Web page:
“Aspirational” is the buzzword for avoiding responsibility for words. Trump’s lawyer is using it to say Trump “hoped” there would be an insurrection on Jan 6 — he didn’t intend to incite one! It’s like saying Attempted Murder isn’t a crime — cause you didn’t complete it — through incompetence.

        • Isabel Gibson says:

          Barbara – Yes, this is the sort of legal wrangling that brings the profession into disrepute.

  3. Judith Umbach says:

    If we have to wait for every house to be in order, no house will ever be in order. We need to do what we can, when we can.

  4. As you have done so often, you alert me to a problem that usually slips under my radar. I absolutely agree with you about putting one’s ideas and beliefs into actions. Slogans are slippery. Even small moves in the right direction are “toothy” with traction and can make a huge difference. Especially as each (shift in metaphor ahead) pebble in the stream sends out concentric circles of energy. Slogans like the one you showcase have little impact unless they are broken down conceptually — as you do — into manageable components that we can imagine trying to change. We need to take the time to do that for others, if we can.

    • Isabel Gibson says:

      Laurna – What you describe/suggest is very like project management, to my mind: breaking down a lofty or distant (or ill-defined) goal into do-able steps. Worth the effort, in this and other applications.

  5. John Whitman says:

    Isabel – In summary, “Talk is cheap!”

    Another slightly less apt saying might be, “All sizzle and no steak!” So, in Ben & Jerry’s case would you buy, “All ice and no cream!”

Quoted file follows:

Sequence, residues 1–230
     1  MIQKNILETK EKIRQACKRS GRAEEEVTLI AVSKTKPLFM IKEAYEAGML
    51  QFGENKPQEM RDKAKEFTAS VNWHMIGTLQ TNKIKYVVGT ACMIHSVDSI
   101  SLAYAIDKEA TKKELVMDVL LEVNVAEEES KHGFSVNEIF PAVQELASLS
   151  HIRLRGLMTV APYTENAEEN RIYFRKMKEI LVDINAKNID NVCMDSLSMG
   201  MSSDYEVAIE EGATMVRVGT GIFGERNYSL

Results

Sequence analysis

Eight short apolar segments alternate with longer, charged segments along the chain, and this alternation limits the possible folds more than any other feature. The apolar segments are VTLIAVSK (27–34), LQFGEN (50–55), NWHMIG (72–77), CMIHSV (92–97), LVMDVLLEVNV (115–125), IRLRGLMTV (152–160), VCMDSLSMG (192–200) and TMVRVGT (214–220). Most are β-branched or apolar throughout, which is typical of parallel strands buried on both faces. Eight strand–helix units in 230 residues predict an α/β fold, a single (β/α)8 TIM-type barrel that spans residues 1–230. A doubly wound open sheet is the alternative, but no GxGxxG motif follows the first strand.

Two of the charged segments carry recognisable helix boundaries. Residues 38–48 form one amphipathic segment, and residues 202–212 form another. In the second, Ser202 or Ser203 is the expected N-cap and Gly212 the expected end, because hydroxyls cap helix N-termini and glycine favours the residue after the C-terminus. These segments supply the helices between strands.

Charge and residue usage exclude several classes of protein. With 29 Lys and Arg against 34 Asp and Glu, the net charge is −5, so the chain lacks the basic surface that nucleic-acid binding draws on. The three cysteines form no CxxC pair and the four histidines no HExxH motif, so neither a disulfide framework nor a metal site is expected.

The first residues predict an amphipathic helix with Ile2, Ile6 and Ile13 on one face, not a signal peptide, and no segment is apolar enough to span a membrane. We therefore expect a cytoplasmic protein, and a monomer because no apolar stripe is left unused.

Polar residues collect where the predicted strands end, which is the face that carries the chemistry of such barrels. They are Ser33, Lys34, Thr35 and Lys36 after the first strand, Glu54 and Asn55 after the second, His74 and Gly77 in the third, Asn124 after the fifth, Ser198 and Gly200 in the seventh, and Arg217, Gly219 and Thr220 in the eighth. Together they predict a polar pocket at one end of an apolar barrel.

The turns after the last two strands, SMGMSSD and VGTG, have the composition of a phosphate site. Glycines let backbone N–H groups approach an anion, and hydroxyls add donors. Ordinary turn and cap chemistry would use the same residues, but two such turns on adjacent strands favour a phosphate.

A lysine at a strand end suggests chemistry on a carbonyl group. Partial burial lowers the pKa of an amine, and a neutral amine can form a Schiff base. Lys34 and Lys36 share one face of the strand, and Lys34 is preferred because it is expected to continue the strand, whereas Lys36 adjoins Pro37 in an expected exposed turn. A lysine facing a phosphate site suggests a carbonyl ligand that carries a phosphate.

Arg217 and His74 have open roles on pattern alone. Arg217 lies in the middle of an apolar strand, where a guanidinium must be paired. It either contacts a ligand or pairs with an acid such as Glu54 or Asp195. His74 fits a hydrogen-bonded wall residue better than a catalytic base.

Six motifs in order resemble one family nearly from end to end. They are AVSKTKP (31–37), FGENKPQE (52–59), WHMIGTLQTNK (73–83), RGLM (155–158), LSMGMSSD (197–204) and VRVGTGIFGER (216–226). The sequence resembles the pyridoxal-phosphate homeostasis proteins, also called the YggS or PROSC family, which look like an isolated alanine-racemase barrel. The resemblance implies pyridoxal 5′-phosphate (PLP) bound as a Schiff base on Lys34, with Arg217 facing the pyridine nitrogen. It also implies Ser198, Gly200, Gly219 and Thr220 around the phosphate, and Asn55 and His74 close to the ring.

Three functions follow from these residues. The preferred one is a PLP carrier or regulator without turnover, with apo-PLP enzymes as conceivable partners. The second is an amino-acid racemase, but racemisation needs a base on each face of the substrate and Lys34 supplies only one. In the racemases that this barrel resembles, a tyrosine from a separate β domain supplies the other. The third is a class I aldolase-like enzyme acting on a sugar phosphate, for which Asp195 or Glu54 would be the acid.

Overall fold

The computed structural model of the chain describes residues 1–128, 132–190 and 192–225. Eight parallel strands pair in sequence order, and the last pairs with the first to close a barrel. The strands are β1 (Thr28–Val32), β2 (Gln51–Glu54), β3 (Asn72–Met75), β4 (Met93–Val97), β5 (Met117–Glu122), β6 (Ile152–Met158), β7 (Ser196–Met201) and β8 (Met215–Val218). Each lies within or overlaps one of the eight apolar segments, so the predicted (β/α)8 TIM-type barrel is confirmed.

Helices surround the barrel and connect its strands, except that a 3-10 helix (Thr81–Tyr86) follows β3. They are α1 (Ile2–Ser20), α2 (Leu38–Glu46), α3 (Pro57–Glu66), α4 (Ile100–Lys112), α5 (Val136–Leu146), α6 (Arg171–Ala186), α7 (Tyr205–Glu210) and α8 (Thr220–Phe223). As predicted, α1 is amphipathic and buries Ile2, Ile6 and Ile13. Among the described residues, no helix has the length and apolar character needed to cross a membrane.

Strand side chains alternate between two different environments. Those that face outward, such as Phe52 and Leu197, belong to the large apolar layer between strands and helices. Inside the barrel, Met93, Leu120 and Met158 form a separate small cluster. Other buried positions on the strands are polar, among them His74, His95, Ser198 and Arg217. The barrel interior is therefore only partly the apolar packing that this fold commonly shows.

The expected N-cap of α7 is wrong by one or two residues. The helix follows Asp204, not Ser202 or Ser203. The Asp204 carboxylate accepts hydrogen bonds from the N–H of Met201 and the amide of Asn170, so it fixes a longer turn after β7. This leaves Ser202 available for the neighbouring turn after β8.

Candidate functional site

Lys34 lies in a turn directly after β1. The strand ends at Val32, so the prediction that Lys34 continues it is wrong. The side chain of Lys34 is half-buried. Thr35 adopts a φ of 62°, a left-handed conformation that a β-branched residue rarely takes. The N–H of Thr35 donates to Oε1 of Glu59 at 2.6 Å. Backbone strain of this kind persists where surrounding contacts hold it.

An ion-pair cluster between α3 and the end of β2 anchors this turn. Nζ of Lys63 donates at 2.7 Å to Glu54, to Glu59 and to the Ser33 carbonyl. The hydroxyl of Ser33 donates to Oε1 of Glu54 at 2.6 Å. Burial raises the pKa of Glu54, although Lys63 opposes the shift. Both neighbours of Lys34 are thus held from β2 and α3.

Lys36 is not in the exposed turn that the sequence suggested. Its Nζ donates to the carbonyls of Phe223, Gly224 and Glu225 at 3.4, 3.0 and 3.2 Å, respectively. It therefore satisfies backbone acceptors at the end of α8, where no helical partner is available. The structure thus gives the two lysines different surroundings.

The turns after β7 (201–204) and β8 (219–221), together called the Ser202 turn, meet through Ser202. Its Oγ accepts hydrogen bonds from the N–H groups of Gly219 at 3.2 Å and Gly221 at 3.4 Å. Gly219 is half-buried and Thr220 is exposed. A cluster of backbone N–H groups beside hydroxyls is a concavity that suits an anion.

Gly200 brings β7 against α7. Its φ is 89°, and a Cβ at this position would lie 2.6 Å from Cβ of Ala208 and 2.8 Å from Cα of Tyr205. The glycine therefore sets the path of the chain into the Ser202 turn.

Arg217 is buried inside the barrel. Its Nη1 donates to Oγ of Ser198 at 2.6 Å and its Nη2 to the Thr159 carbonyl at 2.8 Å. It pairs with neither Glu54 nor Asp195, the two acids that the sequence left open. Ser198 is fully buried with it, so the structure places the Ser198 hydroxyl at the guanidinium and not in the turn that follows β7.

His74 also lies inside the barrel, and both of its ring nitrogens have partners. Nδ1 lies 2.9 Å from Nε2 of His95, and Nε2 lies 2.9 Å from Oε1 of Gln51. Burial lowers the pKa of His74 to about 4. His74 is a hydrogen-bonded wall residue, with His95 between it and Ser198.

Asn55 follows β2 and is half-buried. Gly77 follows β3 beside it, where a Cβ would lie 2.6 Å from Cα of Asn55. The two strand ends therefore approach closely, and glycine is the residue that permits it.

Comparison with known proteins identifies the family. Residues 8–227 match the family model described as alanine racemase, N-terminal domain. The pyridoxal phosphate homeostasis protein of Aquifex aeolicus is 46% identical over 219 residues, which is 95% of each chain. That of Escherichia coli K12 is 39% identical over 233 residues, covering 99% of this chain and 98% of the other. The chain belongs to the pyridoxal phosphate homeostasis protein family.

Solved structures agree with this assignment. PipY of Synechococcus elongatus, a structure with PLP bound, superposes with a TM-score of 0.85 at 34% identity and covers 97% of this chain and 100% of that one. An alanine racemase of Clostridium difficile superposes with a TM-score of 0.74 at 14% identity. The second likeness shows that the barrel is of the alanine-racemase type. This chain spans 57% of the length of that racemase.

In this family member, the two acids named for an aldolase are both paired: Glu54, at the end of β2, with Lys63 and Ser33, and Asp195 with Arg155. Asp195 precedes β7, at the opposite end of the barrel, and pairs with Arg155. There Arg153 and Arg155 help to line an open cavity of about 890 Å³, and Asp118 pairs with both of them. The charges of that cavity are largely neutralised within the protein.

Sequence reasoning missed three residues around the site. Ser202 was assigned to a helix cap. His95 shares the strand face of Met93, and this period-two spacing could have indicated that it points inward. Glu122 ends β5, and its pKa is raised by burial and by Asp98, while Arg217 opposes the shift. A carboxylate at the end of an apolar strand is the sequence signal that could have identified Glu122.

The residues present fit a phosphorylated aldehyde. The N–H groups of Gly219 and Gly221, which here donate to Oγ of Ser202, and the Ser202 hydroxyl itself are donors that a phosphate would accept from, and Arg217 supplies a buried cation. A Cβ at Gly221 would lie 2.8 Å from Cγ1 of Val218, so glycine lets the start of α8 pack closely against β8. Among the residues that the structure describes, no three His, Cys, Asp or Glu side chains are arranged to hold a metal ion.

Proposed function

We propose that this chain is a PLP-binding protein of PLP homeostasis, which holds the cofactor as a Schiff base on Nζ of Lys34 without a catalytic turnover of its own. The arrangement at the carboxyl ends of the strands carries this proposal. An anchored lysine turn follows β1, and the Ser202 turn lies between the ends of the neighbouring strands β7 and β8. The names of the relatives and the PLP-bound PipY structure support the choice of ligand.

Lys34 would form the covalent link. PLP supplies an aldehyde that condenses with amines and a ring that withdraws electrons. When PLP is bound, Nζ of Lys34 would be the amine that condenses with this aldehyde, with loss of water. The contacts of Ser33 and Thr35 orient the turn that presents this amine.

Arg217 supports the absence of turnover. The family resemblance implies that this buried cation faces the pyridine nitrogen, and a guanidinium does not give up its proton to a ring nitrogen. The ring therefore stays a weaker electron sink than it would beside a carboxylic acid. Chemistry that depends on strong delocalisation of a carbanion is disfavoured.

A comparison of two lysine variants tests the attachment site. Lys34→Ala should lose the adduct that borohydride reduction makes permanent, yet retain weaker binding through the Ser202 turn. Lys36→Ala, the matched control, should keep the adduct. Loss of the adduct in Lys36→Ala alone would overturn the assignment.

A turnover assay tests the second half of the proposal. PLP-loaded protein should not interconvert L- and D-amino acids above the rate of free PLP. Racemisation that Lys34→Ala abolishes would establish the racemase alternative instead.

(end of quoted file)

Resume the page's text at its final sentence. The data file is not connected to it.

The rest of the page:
• Isabel Gibson says:

      John – Well, the cheapness of talk is precisely the concern, all right. In Ben & Jerry’s case, I don’t know whether they put their money where their signage is.

  6. barbara carlson says:

    Why is Ben and Jerry’s being sued?
    The labor issue surfaced publicly in a New York Times investigation late last month. The report revealed that American corporations and their suppliers use underage migrant laborers for dangerous and gruelling factory jobs, including in dairy facilities that supply Ben & Jerry’s.Mar 20, 2023

    Suspect sign in window was some employee with a Magic Marker.

    • Isabel Gibson says:

      Barbara – Thanks for making that link. I had heard vaguely about abuse of underage, undocumented-migrant labourers, but didn’t realize there was Ben & Jerry’s connection. I’d like to think they didn’t either. I expect it’s hard/next-to-impossible to vet the labour practices of all your suppliers.

  7. Beth Starkweather says:

    Would it be better received if it was on a sign in front of a church? Is it okay for religious organizations to post aspirational/inspirational statements but not for businesses?
    Where I live in central Michigan, it is not uncommon to see religious sentiments on garbage trucks and political commentary on fruit stands. In the US, the courts have held that corporations have the free speech rights of individuals.
    When I read, “We must dismantle white supremacy,” I hear it in the same voice as signs imploring me to “Spread Kindness” or “Praise the Lord.”

    • Isabel Gibson says:

      Beth – That’s an interesting point. I saw religious sentiments on buses and trucks in Guatemala – just part of the culture. Maybe it’s a sign of an integrated life! (I’d still like it better if they said, “We’re dismantling white supremacy by doing such-&-so” but maybe that doesn’t fit on a window.)